As for regular crock-pots, the material you purchase will be based on personal preference and the food you are cooking. There are also two sizes to consider, round or oval. Round crock-pots are best for soups and casseroles and the oval option is best for larger pieces of meat. The ceramic crock-pot has the best heating potential. The downside is that they may crack.

Ceramic crock-pots cannot be used to reheat food in a gas oven. Another slight danger is that they may contain lead. If purchasing a ceramic crock-pot, look for a lead-free version. Overall, they are the best option.

Metal crock-pots do not have the even heat distribution that a ceramic crock-pot or cast iron Dutch oven does. Both of the metal options can be used in the oven or on the stovetop to reheat food. Between the two metal crock-pots, stainless steel is the better option. An aluminum surface is not the best or safest medium to cook on.

The aluminum crock-pot is the most expensive crock-pot, yet the most versatile. They can even be used as a cooking pan in the oven. Aluminum is a great heat conductor but it has a chemical reaction to acidic foods that can cause the aluminum to bleed into the food being cooked on its surface. However, all this can also be done in a Dutch oven. All these choices lead to the question: how many cooking appliances does a kitchen need to perform the same duties as a singular piece of cast iron?

Is Le Creuset a Crock-Pot?

The Le Creuset is a Dutch oven, not a crock-pot. Both crock-pots and Dutch ovens are slow cookers, a Dutch oven is used on the stovetop or in the oven while a crock-pot is an electrical appliance. The Le Creuset Dutch oven is popular among foodies and home chefs for its remarkable versatility and cooking potential. It is a superior French cooking ware and can cook virtually any dish.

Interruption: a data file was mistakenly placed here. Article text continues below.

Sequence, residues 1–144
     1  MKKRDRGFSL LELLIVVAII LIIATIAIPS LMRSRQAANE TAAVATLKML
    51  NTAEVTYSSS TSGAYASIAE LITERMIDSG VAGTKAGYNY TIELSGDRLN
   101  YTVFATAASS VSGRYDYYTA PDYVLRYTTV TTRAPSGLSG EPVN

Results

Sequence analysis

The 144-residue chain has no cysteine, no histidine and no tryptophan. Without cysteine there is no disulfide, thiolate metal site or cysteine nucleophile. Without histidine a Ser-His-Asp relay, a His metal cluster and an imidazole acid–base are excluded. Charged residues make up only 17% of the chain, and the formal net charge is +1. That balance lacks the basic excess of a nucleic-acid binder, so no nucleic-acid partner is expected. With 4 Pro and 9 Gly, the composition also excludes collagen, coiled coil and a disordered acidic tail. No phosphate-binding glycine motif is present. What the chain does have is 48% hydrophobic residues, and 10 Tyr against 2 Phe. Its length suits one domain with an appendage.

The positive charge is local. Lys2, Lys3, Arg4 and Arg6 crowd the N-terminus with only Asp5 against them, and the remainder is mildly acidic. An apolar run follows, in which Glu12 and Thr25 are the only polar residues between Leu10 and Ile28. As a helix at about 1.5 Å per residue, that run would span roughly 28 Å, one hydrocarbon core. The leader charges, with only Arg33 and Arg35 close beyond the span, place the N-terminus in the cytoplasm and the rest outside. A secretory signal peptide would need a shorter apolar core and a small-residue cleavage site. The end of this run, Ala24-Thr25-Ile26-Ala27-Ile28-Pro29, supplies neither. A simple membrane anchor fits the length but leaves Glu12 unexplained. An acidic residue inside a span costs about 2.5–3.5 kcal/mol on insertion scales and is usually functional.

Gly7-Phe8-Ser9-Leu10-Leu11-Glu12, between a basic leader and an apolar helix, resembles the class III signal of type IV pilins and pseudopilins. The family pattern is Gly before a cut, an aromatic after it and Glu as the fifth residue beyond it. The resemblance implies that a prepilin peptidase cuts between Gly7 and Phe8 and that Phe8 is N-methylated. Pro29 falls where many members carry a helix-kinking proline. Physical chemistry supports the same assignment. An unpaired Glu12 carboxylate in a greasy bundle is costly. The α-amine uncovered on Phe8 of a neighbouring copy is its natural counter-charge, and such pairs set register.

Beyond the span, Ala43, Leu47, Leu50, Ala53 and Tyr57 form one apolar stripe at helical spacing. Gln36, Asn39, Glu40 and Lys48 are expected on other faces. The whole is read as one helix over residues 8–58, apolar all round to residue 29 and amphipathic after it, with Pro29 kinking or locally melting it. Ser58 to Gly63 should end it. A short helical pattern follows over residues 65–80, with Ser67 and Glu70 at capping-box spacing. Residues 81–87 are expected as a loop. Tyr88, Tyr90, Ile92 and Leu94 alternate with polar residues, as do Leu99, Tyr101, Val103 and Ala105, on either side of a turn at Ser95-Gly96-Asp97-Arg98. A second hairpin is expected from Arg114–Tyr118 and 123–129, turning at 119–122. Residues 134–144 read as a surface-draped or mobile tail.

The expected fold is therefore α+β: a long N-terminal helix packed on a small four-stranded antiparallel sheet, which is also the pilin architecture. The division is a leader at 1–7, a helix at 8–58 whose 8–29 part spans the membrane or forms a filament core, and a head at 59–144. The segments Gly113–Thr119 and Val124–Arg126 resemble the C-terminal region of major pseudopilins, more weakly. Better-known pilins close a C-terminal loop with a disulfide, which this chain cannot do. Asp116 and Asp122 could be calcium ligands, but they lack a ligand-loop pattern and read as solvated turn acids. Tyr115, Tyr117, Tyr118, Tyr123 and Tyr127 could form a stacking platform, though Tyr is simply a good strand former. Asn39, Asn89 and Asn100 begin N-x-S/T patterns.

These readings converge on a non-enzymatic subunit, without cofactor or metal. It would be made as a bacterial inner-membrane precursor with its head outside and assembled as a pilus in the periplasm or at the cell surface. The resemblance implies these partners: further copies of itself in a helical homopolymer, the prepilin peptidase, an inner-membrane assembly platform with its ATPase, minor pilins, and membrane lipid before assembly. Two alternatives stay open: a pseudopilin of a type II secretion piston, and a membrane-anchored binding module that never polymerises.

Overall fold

This durable pot can braise meat, cook stews, and even cook bread. Le Creusets are made from a secret recipe of metals that include pure pig iron, stainless steel, and iron. These pots last years, are easy to clean and are a must-have in any kitchen.

Is Pot Roast Better In A Crock-Pot Or Dutch Oven?

Pot roast is best cooked in a Dutch oven. The reason is the even heat distribution and retention, and the flavor that the Dutch oven adds to the pot roast. Pot roasts are cooked low and slow (lower heat and a longer time period). Although a crock-pot is capable of cooking a pot roast, the additional flavor from cooking a pot roast in a dutch oven is hard to top.

Another advantage the Dutch oven has is its superb ability to braise the roast before the cooking is done. The beauty of a Dutch oven, beyond its one-meal capabilities, is that you can brown the meat in the Dutch oven and deglaze it. Then, add your stock and other ingredients, close the Dutch oven lid, and let it go.

Deglazing is the process of scraping the bits of food (fond) off the bottom of the pot. Deglazing adds wonderful flavor to any dish and can also be used as gravy. Deglazing the fond from a Dutch oven and then using the same pot to cook your roast in, brings the roast to another level. Plus, the hotter the Dutch oven is, the more the pores open, which allows the seasoning flavors to marry with your pot roast.